Non-viral gene transfer to the tendon: comparison of two methods

Matias Melendez, Valeska Lizzi Lagranha, André Baptista, Paulo Arlei Lompa, Roberto Giugliani, Ursula Matte

Abstract


Background: tendons are part of the connective tissue that joins muscle to bone. Tendon injuries are a problem, since they have a poor ability to regenerate spontaneously. Alternative treatments involving the injection of local growth factors and gene transfer has been evaluated. Thus, we compared two methods for non-viral gene transfer tendons, using the GFP gene as reporter gene.

Methods: Wistar rats had the medial quadriceps tendon exposed and the plasmid was transferred by direct injection or complexed with liposomes. Quantification of GFP in the tendom and in the spleen was evaluated by histological analysis with a fluorescence microscope.

Results: gene transfer to the tendon was successfully obtained in both treatments. Lipoplex, as expected, showed the highest efficiency in transducing tenocytes, however we have found GFP expression also in the spleen. Naked DNA also showed fluorescence values above the control group and the signal was limited to the tendom.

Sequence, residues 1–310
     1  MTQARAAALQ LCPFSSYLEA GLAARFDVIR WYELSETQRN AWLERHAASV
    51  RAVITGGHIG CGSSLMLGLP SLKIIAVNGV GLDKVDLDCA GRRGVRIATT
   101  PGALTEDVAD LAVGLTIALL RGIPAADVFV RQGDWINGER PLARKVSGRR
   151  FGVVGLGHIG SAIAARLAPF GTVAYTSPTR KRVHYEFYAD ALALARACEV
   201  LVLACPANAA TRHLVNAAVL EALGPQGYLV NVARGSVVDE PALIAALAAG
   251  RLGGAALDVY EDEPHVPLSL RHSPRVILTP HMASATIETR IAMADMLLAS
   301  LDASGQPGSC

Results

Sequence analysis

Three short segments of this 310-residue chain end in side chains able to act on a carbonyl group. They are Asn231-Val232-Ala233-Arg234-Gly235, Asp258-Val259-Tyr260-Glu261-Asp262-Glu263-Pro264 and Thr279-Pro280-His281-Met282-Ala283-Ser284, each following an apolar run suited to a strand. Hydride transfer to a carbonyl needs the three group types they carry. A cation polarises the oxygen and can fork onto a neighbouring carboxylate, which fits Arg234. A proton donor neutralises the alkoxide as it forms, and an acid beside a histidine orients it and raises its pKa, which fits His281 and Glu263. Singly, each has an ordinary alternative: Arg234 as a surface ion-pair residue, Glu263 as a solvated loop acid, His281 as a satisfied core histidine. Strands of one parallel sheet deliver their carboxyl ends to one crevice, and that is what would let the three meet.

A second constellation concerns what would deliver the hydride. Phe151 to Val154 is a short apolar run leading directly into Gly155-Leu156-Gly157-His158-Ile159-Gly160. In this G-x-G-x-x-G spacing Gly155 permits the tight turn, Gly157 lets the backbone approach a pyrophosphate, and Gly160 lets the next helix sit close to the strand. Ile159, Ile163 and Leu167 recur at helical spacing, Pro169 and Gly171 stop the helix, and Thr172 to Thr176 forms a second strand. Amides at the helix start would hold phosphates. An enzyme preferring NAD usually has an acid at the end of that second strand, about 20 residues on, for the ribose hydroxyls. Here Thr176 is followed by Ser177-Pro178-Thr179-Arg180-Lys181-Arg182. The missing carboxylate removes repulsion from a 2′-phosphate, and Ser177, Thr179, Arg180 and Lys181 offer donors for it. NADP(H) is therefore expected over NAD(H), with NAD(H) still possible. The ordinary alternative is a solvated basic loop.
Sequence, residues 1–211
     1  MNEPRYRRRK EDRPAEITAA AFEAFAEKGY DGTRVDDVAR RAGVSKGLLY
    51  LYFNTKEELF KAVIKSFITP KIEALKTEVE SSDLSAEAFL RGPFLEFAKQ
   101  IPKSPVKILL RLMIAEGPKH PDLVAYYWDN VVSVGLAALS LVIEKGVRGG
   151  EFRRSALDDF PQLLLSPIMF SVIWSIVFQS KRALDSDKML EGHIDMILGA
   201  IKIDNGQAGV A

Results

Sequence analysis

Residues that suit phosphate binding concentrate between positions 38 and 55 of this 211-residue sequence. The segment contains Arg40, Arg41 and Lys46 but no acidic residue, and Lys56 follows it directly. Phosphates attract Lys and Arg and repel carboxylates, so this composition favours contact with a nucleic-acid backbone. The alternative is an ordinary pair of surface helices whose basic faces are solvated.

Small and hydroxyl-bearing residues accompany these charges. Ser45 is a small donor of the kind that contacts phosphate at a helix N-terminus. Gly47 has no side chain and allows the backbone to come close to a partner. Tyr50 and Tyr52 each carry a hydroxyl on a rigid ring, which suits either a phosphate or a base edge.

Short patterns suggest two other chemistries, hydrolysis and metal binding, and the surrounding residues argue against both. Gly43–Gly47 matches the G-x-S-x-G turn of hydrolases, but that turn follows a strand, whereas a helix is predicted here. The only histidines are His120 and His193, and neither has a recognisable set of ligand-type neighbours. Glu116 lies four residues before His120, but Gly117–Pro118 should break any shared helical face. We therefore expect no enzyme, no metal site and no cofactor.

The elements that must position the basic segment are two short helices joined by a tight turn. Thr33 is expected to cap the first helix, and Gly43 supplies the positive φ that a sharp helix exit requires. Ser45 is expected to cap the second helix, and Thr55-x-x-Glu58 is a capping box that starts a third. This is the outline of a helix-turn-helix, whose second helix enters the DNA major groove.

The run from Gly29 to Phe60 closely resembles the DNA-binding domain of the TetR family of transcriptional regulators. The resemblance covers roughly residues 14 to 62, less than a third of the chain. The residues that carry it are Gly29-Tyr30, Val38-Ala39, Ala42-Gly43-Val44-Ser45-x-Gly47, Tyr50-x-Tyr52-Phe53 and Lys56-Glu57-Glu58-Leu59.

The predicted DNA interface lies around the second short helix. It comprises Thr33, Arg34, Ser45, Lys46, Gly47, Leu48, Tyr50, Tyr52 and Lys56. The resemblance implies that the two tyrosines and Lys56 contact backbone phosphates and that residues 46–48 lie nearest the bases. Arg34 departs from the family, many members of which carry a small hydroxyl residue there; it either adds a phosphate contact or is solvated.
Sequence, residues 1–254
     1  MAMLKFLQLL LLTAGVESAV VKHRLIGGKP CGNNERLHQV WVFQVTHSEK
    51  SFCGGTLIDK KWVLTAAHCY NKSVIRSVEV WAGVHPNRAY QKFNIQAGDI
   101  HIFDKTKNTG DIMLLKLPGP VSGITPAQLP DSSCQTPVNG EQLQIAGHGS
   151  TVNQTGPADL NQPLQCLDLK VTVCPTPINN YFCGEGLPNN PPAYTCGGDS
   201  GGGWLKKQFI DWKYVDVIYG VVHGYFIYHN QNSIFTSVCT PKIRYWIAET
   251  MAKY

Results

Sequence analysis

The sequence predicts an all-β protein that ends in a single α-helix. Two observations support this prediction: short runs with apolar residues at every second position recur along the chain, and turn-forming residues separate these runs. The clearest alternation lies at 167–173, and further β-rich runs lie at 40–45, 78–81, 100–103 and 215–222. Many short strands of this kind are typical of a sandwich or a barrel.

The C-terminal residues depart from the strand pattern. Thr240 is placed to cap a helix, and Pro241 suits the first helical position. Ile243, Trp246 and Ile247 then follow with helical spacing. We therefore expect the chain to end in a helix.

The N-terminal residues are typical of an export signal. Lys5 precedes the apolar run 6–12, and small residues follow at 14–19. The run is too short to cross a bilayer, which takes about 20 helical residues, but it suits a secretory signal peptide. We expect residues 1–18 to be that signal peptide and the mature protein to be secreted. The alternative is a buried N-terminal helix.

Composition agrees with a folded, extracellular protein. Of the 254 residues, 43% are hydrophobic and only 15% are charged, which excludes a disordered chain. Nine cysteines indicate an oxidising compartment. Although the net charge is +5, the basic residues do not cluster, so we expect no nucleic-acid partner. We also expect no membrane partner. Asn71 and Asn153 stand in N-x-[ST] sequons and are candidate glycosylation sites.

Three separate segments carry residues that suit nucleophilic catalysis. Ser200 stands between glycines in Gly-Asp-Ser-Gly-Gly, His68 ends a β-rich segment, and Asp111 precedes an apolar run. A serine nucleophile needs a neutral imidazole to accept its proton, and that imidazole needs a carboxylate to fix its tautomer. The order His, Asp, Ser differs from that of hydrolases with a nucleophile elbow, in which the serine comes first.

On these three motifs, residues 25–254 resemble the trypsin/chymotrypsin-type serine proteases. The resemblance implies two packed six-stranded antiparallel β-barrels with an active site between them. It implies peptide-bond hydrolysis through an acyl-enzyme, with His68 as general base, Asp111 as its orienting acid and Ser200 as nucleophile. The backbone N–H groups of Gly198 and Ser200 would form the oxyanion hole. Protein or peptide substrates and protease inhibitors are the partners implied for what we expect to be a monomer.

Discussion: the use of GFP as a reporter gene is a classical approach to evaluate gene transfer efficiency. Non-viral gene transfer methods are safe but show low levels of transduction and transient expression. For tendon repair, however, these characteristics may prove beneficial because a transient expression may be desirable to avoid the risk of adverse effects. GFP distribution in the spleen was probably a result of lipoplexes uptake by cells from the reticular endothelial system.

Conclusion: taking into account the distribution of GFP in another tissue when using lipoplex, we believe that naked DNA is a more appropriate way to perform gene transfer to the tendon, ensuring safety, low cost and easy handling.


Keywords


Tendons injury, GPF expression, gene transfer



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ISSN: 2357-9730 

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